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Cork silence the doubters for now but focus switches to 'formidable task' in their way

Ephie Fitzgerald’s side sent out an ominous statement of intent yesterday through a 24-point demolition of Galway.

Cork manager Ephie Fitzgerald.
Cork manager Ephie Fitzgerald.
Image: Donall Farmer/INPHO

THERE’S NO DOUBT about it that Ephie Fitzgerald and his Cork side will be smiling from ear-to-ear this morning.

Yesterday afternoon, they ensured that their drive for seven All-Ireland senior titles in-a-row roars on following an emphatic 24-point win over Connacht champions Galway.

Ruthless is just one word that springs to mind looking back on the action. Six goals in total, a masterclass period of dominance either side of half-time in which an unanswered 3-11 was recorded, and an exhibition of shooting from Orla Finn are just some of the countless positives the Rebels can draw.

And this was all without the experience and leadership qualities of Bríd Stack at centre-back, ruled out just before throw-in with a hamstring injury she picked up at training last week.

It’s been said that this young team are going through a transitional period, that they’re not as strong as years past without key players like Briege Corkery, Rena Buckley and Deirdre O’Reilly, and that they won’t win the All-Ireland championship crown again.

They did retain their Division 1 Lidl Ladies National League title in May, although they were pushed to their very limits by Donegal. But then there was that Munster campaign, one which many would surely rather forget.

Doireann O'Sullivan and Orla Finn Doireann O'Sullivan and Orla Finn celebrate their win. Source: Donall Farmer/INPHO

Their long unbeaten run of contesting provincial deciders — from 2004-2016 inclusive — was ended by eventual champions Kerry, and it backed up a previous loss to Waterford.

And then, the nervy win over Monaghan in the All-Ireland series two weeks ago cast further doubt over their drive for seven-in-a-row, and raised questions of their cemented position as ladies football kingpins.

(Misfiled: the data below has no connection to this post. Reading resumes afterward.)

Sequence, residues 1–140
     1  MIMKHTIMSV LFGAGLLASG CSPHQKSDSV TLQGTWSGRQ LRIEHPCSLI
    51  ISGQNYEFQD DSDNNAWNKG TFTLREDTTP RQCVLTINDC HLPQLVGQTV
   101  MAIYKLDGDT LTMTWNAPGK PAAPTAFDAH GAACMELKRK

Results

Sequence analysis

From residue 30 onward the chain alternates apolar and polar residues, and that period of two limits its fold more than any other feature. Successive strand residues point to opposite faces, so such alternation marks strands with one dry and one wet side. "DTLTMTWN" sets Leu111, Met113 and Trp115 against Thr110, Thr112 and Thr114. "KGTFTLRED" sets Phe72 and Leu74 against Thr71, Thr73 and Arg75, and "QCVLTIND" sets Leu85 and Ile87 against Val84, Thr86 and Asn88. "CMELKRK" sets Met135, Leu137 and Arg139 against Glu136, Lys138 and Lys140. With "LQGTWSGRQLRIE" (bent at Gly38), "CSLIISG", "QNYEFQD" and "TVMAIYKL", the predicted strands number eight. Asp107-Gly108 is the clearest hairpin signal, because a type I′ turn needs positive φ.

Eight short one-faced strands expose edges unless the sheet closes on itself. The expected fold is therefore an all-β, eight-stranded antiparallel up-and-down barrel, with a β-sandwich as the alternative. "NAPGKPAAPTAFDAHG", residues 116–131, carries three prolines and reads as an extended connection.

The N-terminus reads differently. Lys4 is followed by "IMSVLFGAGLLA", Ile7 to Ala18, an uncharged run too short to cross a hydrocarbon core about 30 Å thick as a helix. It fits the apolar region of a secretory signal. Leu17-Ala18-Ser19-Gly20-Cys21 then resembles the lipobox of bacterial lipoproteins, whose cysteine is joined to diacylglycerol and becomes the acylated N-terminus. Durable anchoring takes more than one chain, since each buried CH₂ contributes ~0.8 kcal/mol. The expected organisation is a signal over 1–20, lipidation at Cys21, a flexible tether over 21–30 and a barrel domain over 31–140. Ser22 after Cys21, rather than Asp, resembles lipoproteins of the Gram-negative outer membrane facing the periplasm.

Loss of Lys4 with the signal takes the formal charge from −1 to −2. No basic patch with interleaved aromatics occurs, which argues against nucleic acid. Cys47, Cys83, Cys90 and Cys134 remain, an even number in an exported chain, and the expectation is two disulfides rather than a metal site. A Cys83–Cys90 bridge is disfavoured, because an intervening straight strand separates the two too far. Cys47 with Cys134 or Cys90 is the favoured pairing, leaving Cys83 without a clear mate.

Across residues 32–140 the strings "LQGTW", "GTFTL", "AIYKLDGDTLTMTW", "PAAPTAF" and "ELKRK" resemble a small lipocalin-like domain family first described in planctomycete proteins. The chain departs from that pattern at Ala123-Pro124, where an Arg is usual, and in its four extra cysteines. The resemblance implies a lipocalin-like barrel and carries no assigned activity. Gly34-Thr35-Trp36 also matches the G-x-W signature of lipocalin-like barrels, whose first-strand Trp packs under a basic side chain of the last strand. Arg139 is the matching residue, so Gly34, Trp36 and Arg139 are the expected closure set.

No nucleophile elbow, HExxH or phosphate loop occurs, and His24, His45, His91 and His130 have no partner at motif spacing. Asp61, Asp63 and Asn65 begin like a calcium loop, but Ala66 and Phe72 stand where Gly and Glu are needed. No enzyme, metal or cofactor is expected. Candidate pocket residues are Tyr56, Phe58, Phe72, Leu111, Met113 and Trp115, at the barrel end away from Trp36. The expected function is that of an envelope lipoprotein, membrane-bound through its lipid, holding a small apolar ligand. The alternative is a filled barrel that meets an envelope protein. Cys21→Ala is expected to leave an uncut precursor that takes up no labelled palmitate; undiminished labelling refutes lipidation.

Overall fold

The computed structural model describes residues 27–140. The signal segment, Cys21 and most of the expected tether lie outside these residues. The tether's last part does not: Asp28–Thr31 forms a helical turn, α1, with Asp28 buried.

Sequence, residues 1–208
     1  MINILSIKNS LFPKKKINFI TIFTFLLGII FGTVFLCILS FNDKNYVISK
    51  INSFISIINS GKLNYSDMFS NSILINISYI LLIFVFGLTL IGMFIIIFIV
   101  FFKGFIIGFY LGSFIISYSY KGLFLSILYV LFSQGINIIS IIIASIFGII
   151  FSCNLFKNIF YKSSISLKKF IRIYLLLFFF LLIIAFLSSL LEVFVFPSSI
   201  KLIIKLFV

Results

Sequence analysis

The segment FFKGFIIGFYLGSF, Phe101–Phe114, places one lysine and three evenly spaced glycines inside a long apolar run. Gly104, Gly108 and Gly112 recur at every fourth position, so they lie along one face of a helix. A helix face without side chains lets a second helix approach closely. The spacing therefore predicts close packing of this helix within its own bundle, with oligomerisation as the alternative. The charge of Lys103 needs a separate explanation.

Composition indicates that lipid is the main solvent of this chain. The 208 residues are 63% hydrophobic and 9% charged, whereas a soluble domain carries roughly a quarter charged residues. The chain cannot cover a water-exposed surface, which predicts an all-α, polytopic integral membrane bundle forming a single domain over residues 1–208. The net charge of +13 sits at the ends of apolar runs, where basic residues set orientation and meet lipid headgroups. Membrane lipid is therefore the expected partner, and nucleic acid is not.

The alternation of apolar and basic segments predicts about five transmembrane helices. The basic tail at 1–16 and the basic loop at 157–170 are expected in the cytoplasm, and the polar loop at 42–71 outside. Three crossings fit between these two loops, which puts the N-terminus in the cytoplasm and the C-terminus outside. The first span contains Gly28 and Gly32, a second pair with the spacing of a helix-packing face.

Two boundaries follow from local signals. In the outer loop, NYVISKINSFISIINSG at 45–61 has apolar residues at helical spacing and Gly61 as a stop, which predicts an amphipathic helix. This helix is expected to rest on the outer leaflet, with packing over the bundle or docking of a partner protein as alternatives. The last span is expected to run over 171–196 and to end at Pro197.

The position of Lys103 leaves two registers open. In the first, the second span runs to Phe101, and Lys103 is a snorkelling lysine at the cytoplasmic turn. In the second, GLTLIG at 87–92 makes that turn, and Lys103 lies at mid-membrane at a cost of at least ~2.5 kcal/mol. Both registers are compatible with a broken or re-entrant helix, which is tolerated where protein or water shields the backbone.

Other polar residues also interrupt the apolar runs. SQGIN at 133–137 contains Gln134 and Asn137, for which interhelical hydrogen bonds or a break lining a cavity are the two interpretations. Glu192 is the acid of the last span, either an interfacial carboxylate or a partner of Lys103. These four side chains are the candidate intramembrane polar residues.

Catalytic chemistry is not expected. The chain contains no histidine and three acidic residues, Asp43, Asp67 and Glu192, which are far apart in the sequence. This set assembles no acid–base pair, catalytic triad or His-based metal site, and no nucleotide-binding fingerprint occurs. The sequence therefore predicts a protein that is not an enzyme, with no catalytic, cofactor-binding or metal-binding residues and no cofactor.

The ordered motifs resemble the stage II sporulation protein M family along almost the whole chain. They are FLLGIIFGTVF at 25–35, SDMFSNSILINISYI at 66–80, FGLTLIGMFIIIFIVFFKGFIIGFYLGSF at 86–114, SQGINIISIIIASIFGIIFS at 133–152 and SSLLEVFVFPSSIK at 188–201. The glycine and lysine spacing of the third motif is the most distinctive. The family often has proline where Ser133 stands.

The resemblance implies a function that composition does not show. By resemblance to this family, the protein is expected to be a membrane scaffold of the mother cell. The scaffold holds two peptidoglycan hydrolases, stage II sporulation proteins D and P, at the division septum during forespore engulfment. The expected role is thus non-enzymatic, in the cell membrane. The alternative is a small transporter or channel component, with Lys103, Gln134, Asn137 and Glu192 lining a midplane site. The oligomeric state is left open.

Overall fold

Write them off at your own peril, as they say.

Ephie Fitzgerald has no doubt in his mind that his side should never be written off, and that those questions were answered yesterday.

“That seems to be going on for a long time now,” he said afterwards, when asked about these claims of a so-called demise.”We felt we let ourselves down a little bit the last day in terms of our shooting and stuff, and it probably came together today.

“To be fair to Galway, the match two weeks ago probably benefited us a lot. It sharpened us up. The girls stood up there. The younger girls, they’ve been a revelation.

“We were very clinical today and I think our forward play was magnificent. The game was over at half-time — 12 points up with a gale-force wind. The only worry was that we might slacken off a little bit and let them back into it, but we didn’t.

“To be honest, without patronising Galway, I don’t think that type of beating does much good for anybody. At the end of the day, all we can do is go out and do our jobs. I like Galway and I like their players, they have some lovely footballers.